Libyan Central Bank & US Treasury Discuss Combating Money Laundering


The Governor of the Central Bank of Libya (CBL), Al-Siddiq Al-Kabir, and Assistant Secretary of the US Treasury, Eric Meyer discussed joint cooperation to combat money laundering and terrorism financing.

The US Special Envoy to Libya, Richard Norland participated in the meeting, which was held in Washington DC, on Tuesday.

According to a statement issued by the CBL, the two sides discussed the results of the Article IV consultations with the International Monetary Fund (IMF). As well as the CBL’s efforts, in partnership with the Libyan Government of National Unity (GNU), to invest in renewable energy and raise oil production rates.

Last week, Al-Kabir held discussions with the US Federal Reserve Board (FRB), the IMF, and the World Bank regarding the challenges confronting the financial sector.

The CBL’s media office revealed that the meeting, which was conducted in Washington with the participation of several central banks and financial institutions globally, addressed the challenges facing the financial sector. Specifically, the proposed policies in light of technological developments in the field of payments and digital currencies, climate change, and crises were explored.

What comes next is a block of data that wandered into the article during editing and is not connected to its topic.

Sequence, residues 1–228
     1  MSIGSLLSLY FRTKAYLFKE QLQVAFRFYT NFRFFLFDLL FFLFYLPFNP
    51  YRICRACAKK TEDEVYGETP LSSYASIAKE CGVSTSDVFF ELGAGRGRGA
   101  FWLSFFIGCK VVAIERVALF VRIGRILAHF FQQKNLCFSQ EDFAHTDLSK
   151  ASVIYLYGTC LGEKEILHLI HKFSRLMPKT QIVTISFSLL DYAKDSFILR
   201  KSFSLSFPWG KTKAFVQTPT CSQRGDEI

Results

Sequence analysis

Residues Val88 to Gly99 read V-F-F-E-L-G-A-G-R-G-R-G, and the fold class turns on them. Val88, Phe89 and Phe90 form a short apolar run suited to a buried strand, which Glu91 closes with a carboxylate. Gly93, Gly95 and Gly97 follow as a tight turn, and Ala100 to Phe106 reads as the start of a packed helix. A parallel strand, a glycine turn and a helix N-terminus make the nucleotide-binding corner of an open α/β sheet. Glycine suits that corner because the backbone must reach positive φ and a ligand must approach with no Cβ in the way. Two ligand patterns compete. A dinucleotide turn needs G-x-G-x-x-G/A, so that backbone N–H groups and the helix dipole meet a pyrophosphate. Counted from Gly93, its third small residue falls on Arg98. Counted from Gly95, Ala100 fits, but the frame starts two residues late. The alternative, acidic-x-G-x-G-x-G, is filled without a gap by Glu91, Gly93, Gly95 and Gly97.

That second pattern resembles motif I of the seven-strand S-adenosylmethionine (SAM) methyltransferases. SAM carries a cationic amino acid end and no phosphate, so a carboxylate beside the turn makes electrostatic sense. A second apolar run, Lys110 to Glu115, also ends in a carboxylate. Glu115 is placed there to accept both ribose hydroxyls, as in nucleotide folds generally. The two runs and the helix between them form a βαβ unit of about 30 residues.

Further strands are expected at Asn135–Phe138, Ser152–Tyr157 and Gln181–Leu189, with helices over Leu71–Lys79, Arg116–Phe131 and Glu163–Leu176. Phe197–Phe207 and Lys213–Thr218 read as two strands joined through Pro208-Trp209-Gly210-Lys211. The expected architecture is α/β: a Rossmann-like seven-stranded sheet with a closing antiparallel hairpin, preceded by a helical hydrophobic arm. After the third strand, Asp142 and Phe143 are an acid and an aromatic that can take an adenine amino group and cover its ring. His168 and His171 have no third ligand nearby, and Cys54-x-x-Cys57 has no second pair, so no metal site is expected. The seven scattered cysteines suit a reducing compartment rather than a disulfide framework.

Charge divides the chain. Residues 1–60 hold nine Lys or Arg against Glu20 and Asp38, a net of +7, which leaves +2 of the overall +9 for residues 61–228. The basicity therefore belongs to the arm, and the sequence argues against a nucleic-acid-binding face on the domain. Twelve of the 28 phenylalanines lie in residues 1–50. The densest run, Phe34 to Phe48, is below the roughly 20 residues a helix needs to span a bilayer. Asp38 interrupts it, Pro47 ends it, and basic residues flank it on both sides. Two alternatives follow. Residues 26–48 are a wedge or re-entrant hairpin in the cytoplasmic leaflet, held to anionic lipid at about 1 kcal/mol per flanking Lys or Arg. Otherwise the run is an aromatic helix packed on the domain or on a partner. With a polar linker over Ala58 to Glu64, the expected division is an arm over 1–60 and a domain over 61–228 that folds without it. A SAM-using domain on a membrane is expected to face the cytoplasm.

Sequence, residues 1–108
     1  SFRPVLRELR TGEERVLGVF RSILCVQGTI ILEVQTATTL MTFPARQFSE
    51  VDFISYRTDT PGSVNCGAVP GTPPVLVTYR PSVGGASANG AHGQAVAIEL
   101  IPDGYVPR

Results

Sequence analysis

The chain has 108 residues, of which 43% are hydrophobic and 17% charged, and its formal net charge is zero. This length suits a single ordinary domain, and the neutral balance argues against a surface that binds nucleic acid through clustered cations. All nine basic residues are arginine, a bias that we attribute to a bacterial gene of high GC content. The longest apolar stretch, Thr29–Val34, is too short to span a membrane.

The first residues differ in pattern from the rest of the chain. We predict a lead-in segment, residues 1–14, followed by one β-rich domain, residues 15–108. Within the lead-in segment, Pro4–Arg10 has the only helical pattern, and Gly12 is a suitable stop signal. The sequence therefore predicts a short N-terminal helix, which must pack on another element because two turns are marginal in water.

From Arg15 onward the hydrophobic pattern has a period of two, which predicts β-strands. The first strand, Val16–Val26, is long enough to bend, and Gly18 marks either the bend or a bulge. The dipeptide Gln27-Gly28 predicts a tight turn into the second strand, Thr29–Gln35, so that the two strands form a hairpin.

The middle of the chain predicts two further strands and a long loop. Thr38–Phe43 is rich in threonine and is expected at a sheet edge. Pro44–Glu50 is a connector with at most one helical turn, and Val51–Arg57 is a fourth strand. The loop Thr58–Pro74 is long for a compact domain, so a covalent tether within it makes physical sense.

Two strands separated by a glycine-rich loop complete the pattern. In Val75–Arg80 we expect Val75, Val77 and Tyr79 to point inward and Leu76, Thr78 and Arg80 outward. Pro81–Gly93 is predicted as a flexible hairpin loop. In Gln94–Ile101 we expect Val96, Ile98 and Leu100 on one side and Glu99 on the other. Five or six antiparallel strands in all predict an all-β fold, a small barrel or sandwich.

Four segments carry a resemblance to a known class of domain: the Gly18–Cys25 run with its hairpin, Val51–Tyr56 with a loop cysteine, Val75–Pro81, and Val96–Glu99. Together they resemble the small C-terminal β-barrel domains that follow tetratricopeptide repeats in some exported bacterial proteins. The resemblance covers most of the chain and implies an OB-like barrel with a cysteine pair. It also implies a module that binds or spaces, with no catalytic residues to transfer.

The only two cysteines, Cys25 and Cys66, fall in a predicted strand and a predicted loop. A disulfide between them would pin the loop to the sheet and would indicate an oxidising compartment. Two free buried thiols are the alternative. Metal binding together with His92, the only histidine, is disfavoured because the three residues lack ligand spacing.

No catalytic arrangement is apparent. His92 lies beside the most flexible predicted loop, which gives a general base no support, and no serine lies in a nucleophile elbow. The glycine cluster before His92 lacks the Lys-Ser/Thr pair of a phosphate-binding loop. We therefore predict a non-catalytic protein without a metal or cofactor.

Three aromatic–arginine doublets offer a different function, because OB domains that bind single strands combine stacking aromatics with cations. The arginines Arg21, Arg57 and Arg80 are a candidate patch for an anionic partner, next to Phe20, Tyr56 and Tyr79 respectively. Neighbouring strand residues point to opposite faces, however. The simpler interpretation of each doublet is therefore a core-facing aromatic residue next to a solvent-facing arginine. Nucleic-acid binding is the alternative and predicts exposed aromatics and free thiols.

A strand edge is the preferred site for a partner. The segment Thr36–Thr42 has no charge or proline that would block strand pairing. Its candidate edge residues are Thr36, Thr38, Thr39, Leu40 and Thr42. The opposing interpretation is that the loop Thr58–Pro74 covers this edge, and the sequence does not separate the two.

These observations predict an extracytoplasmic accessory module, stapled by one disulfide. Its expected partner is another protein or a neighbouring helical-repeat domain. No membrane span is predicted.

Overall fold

The meeting emphasised Libya’s proactive role in confronting global financial trends and understanding the implications these trends might have on its financial sector. By involving itself in these discussions, Libya is strategically positioning itself to effectively navigate the changing landscape of international finance.

Notably, the IMF disclosed that Libya’s foreign reserves amounted to $82 billion at the end of 2022. Dmitri Gershenson, the Head of the IMF mission to Libya, noted in an interview with CNBC Arabia that the frozen assets have totalled $70 billion dollars since 2011.

Gershenson lauded the role of the CBL in preserving these reserves despite the ongoing turmoil, thus providing a cushion against economic shocks for the Libyan economy. He also brought to light the economic contraction Libya experienced in 2022, with its Gross Domestic Product (GDP) shrinking by 11%.

However, the IMF mission Head holds a more positive outlook for 2023. He projected a 19% growth in Libya’s local economy for the upcoming year, suggesting potential economic recovery amidst the ongoing geopolitical and financial challenges.